# Probability: Are disjoint events independent? [duplicate]

I just read that disjoint events, A, B, if, $$\mathbb{P}(AB) = 0$$ are independent. This really frustrates me.

My teacher stated otherwise - $$\mathbb{P}(AB) = 0 \iff A \cap B = \emptyset \implies \mathbb{P}(AB) = 0 \ne \mathbb{P}(A)\mathbb{P}(B)$$ because $$\mathbb{P}(A)$$ and $$\mathbb{P}(B)$$ are not empty (does the latter come from the definition of independent events?).

Could somebody clear this for me?

• Please read the tags carefully. Do not use the self-learning tag because you are studying the material by yourself/alone.
– Em.
Jun 20 '16 at 0:50
• Where did you read that disjoint events are independent?
– bof
Jun 20 '16 at 2:18

You are correct, and your reasoning is spot on. Disjoint events aren't independent, unless one event is impossible, which makes the two events trivially independent. Let's take the simplest situation possible as a counterexample. Let $A$ be the event that a fair coin lands heads and let $B$ be the event that the coin lands tails. $A \cap B = \emptyset \implies P(A \cap B) = 0 \ne P(A)P(B) = \frac{1}{2}\cdot \frac{1}{2}.$ The mathematical definition of two events being independent is $P(A \cap B)=P(A)\cdot P(B)$ thus if $A \cap B = \emptyset$ then $P(A \cap B) = 0 \implies P(A) = 0$ or $P(B) = 0$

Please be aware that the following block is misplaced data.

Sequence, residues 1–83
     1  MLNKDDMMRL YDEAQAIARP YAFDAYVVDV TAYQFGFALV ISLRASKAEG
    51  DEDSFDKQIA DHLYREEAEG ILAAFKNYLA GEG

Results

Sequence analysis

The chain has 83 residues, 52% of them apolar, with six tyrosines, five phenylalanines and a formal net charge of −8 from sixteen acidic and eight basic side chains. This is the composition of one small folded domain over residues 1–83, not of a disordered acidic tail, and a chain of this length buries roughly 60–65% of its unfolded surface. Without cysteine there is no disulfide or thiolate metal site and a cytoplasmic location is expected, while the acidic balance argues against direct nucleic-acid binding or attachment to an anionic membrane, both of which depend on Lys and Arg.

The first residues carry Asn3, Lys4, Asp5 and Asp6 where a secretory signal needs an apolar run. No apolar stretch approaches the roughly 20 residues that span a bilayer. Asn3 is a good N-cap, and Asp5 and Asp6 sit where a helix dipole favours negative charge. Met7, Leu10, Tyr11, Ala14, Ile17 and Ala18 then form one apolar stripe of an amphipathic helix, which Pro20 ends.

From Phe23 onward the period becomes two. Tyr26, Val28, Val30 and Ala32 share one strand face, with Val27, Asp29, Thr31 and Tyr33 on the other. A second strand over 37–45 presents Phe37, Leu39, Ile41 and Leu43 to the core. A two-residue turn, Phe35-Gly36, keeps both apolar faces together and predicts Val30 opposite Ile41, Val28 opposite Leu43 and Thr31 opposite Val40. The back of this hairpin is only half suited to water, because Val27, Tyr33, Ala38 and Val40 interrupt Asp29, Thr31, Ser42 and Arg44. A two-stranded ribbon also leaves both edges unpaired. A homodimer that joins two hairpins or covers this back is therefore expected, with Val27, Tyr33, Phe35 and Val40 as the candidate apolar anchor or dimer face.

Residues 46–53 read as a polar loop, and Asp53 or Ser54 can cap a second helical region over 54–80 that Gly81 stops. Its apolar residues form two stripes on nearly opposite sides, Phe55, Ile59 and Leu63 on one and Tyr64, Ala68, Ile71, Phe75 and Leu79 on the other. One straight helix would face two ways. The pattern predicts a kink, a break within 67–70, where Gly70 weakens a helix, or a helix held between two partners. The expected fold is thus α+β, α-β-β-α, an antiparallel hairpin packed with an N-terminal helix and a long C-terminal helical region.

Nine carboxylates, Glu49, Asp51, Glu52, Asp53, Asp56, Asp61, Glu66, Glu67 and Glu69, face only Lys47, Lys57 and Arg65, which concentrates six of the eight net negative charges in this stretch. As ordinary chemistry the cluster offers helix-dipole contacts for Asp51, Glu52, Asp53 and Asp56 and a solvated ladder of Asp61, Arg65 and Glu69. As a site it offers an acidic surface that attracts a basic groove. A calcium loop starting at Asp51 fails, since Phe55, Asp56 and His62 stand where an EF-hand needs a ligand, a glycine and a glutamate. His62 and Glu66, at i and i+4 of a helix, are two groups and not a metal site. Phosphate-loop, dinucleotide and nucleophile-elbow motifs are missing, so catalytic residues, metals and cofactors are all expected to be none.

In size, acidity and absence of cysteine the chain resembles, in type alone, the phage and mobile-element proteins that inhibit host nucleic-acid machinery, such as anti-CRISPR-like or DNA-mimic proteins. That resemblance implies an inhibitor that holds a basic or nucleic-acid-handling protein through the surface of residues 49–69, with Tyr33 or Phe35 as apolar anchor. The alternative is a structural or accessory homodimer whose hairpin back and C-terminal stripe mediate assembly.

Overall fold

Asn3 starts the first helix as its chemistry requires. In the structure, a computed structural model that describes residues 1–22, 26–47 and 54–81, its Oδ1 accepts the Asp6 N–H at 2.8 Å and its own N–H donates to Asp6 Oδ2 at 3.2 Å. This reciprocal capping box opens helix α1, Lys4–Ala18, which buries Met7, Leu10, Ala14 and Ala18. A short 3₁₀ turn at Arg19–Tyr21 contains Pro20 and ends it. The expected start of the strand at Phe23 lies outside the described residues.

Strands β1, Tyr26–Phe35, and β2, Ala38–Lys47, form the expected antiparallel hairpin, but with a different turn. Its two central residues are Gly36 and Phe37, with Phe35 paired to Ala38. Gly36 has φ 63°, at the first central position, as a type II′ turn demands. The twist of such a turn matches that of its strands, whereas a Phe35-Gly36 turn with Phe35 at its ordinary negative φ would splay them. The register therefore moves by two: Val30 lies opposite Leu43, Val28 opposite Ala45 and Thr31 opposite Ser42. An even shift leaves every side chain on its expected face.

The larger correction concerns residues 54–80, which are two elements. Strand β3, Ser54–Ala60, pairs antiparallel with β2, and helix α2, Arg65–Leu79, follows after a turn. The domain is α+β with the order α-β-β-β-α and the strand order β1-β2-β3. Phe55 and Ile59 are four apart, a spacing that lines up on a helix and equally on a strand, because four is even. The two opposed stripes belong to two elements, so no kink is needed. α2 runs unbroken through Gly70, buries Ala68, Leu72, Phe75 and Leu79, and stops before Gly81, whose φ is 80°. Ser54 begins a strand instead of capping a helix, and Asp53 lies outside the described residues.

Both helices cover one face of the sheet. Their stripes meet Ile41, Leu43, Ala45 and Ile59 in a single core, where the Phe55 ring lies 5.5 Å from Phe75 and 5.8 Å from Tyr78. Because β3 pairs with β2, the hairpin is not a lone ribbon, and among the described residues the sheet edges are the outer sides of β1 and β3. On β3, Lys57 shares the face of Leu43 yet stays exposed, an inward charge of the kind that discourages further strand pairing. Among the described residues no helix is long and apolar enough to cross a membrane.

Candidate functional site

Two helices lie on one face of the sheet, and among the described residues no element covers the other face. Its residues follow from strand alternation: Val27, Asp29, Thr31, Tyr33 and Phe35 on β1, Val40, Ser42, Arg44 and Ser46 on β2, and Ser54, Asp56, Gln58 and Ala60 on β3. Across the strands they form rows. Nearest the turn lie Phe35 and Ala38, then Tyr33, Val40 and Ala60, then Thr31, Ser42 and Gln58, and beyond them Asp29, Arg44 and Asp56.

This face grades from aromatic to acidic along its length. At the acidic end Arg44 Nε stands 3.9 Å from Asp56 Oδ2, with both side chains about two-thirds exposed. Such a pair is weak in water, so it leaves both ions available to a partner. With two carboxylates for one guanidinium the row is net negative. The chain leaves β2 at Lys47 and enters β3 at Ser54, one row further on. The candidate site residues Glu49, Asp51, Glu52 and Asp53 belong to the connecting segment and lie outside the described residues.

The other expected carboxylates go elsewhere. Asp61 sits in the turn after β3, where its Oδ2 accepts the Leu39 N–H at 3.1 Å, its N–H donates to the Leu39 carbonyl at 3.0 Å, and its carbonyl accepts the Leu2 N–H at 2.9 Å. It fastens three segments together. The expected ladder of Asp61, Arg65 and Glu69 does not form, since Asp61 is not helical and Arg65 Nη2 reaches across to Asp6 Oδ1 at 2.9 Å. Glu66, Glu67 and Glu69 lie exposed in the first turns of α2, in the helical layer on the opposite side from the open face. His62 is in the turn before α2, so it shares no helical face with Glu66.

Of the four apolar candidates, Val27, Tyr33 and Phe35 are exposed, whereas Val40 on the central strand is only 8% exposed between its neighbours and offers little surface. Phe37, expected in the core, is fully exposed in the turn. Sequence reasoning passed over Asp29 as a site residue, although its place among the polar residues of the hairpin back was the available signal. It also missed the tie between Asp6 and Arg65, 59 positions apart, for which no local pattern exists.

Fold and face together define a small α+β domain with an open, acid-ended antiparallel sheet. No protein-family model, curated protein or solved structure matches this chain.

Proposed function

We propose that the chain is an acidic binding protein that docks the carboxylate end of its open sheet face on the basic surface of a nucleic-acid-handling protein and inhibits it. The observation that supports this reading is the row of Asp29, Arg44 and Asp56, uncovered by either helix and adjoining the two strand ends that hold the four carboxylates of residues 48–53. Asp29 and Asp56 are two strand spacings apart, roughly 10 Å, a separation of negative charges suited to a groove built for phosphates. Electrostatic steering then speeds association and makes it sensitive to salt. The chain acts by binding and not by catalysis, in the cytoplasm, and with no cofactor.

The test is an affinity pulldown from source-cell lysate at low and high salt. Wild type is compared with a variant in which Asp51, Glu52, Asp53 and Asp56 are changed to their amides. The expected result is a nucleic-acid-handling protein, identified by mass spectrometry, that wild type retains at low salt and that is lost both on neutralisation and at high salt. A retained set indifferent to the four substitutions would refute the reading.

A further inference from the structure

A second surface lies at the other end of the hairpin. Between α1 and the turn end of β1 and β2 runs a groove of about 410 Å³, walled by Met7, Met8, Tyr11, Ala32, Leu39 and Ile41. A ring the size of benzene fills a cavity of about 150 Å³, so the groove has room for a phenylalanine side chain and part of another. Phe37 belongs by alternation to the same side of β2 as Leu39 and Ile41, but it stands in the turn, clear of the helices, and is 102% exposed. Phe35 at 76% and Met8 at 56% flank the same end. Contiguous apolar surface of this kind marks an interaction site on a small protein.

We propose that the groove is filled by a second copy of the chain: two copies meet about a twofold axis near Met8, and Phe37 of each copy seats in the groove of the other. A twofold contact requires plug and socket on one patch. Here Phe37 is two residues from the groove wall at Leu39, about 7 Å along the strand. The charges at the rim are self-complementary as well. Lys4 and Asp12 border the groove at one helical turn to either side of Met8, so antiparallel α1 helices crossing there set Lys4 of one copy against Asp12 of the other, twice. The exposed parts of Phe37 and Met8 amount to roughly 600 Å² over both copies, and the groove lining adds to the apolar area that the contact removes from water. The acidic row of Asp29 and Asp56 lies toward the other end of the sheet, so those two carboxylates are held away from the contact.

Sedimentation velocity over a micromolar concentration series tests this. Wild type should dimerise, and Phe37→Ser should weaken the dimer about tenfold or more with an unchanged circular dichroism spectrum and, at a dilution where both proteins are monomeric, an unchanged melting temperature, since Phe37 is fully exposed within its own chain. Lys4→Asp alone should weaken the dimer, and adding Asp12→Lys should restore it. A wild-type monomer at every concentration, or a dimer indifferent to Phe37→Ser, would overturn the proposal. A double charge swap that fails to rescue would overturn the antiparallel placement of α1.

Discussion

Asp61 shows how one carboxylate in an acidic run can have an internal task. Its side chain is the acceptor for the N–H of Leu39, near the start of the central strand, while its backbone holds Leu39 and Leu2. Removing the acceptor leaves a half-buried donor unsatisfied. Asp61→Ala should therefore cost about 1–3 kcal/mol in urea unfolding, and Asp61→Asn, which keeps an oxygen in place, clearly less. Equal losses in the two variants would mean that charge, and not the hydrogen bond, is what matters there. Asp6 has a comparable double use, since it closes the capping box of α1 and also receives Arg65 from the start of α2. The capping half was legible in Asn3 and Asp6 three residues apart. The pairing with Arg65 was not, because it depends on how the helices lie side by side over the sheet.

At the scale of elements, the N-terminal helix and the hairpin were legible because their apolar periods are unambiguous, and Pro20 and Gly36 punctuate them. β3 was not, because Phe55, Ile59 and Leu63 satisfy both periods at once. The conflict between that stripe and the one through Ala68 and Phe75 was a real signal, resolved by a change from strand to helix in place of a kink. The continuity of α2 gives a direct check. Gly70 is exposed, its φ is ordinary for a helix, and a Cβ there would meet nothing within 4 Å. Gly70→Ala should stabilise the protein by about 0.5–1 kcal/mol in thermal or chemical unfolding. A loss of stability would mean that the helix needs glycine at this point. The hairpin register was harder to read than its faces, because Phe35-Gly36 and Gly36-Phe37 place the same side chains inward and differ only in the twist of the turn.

Two disjoint events can never be independent, except in the case that one of the events is null. Essentially these two concepts belong to two different dimensions and cannot be compared or equaled.
Events are considered disjoint if they never occur at the same time. For example, being a freshman and being a sophomore would be considered disjoint events.
Independent events are unrelated events. For example, being a woman and being born in September are (roughly) independent events.

• "For example, being a woman and being a freshman are independent events." In which country is that even close to be true?
– Did
Jun 20 '16 at 8:49

The intersection of two events, $A$ and $B$, is usually represented as $A \cap B$, but sometimes as $AB$ .

Two events are (pairwise) independent if and only if the probability of their intersection equals the product of their probabilities.   It means knowledge of the occurrence of one event does not influence the measure of the (conditional) probability of the occurrence of the other. $$A\perp B ~\iff~ \mathsf P(A\,B)=\mathsf P(A)\,\mathsf P(B)\tag{1}$$

Two events are disjoint, or exclusive, if their intersection is an empty set, which in turn infers it to have zero probability.   The intersection of disjoint events is impossible.   It means the occurrence of one event prohibits the occurrence of the other. $$A\,B=\emptyset ~\implies~ \mathsf P(A\,B)=0\tag{2}$$

These two situations do not occur together, except in the edge case of at least one of the events itself being impossible.   (An impossible event is independent of any other event.)